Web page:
‘I would like to commend the dedication of our volunteer crew members here in Clifden who have devoted their time to ensure the period of change and training was a success. It is thanks to their efforts that we are now able to provide this service permanently to the Connemara community and to anyone who may find themselves in distress at sea.’

Published in RNLI Lifeboats
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#RNLI - Clifden RNLI launched their inshore and all-weather lifeboats on Tuesday night (27 July) to reports of a pleasure boat in difficulty east of Davillaun Island.

The eight people on board had been to Inishbofin for the day and were returning home when the weather turned, becoming wet and foggy.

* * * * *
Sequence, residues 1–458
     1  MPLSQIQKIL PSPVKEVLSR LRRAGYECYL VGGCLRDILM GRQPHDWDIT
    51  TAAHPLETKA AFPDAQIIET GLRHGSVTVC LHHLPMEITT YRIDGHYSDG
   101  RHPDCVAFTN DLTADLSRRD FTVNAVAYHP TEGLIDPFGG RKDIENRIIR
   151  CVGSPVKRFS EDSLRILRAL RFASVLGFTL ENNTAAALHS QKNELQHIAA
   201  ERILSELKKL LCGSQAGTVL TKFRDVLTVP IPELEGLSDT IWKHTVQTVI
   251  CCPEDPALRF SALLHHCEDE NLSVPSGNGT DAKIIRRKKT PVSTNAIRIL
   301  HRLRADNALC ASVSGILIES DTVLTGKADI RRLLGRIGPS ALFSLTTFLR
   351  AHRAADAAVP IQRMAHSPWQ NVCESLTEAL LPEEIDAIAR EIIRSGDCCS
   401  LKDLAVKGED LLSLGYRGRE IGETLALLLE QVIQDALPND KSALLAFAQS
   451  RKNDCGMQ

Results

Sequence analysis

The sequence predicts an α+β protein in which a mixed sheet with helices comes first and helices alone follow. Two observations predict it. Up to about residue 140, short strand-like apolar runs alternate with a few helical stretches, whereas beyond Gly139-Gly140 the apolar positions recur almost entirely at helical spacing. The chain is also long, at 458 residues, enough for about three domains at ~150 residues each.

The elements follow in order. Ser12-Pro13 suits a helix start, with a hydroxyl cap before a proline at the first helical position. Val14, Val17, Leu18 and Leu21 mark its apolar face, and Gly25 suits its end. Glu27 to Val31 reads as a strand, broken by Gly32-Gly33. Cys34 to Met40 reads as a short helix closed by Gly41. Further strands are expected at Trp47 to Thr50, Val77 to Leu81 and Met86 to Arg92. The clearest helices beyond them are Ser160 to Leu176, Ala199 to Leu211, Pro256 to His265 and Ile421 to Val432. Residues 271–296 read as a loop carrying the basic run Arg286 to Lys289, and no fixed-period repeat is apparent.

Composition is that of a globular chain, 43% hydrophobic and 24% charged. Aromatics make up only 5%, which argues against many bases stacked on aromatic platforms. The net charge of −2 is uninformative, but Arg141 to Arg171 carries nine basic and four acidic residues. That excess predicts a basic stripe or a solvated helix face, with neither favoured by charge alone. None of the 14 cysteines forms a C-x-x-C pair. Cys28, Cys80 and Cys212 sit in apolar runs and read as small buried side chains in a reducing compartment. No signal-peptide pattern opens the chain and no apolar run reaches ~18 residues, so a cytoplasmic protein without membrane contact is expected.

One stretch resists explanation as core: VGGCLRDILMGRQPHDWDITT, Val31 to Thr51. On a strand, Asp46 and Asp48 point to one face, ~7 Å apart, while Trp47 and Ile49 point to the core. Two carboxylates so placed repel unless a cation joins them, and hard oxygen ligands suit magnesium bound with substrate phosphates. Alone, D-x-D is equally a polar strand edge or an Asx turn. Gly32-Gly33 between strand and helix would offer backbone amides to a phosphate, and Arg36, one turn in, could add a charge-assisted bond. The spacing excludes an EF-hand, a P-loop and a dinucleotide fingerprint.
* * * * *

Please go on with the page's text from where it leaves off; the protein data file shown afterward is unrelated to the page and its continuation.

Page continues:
The volunteer lifeboat crew was requested to launch by Malin Head Coast Guard at 6.58pm to assist the broken down pleasure craft. 

Once the Atlantic 85 inshore lifeboat was on scene, one of the RNLI crew boarded the pleasure boat to assist the casualties and to secure a tow line. 

Four of the casualties were then transferred onto the lifeboat where they received casualty care while the remaining four people stayed on the pleasure boat as it was towed towards the pier at Aughris, over an hour away.

When the Mersey class all-weather lifeboat arrived, all eight casualties were put on board and taken inside to warm up. The RNLI crew also radioed ahead to request an ambulance to meet them at Aughris as one of the group required further medical attention.

The casualty was assessed by paramedics and transferred to hospital for further treatment. The remaining seven people disembarked the lifeboat at the pier.

“This callout shows how conditions can change quite quickly at sea,” said Clifden RNLI lifeboat helm Daniel Whelan. “Visibility became poor as the weather deteriorated. Thankfully we have a fast responding Atlantic 85 lifeboat and a well-trained crew. Having the all-weather lifeboat provide cover was invaluable, providing warmth and comfort for the casualties.